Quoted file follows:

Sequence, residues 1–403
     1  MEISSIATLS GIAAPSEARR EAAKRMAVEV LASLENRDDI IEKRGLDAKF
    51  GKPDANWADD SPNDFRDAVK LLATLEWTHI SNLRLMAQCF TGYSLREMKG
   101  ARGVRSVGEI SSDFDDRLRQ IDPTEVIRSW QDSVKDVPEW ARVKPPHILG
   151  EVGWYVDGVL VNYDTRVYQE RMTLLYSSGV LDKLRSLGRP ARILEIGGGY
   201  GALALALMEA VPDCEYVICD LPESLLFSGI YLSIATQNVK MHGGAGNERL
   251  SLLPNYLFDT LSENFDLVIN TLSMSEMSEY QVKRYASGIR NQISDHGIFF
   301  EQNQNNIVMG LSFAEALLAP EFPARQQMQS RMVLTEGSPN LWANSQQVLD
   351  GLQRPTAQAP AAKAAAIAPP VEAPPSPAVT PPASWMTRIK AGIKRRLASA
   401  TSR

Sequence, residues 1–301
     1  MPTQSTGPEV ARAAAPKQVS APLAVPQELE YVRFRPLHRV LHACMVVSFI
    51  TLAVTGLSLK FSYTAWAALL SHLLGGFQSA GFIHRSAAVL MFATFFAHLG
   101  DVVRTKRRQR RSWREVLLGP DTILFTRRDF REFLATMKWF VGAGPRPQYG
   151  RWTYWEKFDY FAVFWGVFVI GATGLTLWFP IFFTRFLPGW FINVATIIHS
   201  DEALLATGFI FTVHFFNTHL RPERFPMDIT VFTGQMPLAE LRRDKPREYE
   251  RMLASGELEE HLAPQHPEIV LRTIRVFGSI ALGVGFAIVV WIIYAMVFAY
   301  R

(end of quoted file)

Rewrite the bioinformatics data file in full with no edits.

Sequence, residues 1–403
     1  MEISSIATLS GIAAPSEARR EAAKRMAVEV LASLENRDDI IEKRGLDAKF
    51  GKPDANWADD SPNDFRDAVK LLATLEWTHI SNLRLMAQCF TGYSLREMKG
   101  ARGVRSVGEI SSDFDDRLRQ IDPTEVIRSW QDSVKDVPEW ARVKPPHILG
   151  EVGWYVDGVL VNYDTRVYQE RMTLLYSSGV LDKLRSLGRP ARILEIGGGY
   201  GALALALMEA VPDCEYVICD LPESLLFSGI YLSIATQNVK MHGGAGNERL
   251  SLLPNYLFDT LSENFDLVIN TLSMSEMSEY QVKRYASGIR NQISDHGIFF
   301  EQNQNNIVMG LSFAEALLAP EFPARQQMQS RMVLTEGSPN LWANSQQVLD
   351  GLQRPTAQAP AAKAAAIAPP VEAPPSPAVT PPASWMTRIK AGIKRRLASA
   401  TSR

Sequence, residues 1–301
     1  MPTQSTGPEV ARAAAPKQVS APLAVPQELE YVRFRPLHRV LHACMVVSFI
    51  TLAVTGLSLK FSYTAWAALL SHLLGGFQSA GFIHRSAAVL MFATFFAHLG
   101  DVVRTKRRQR RSWREVLLGP DTILFTRRDF REFLATMKWF VGAGPRPQYG
   151  RWTYWEKFDY FAVFWGVFVI GATGLTLWFP IFFTRFLPGW FINVATIIHS
   201  DEALLATGFI FTVHFFNTHL RPERFPMDIT VFTGQMPLAE LRRDKPREYE
   251  RMLASGELEE HLAPQHPEIV LRTIRVFGSI ALGVGFAIVV WIIYAMVFAY
   301  R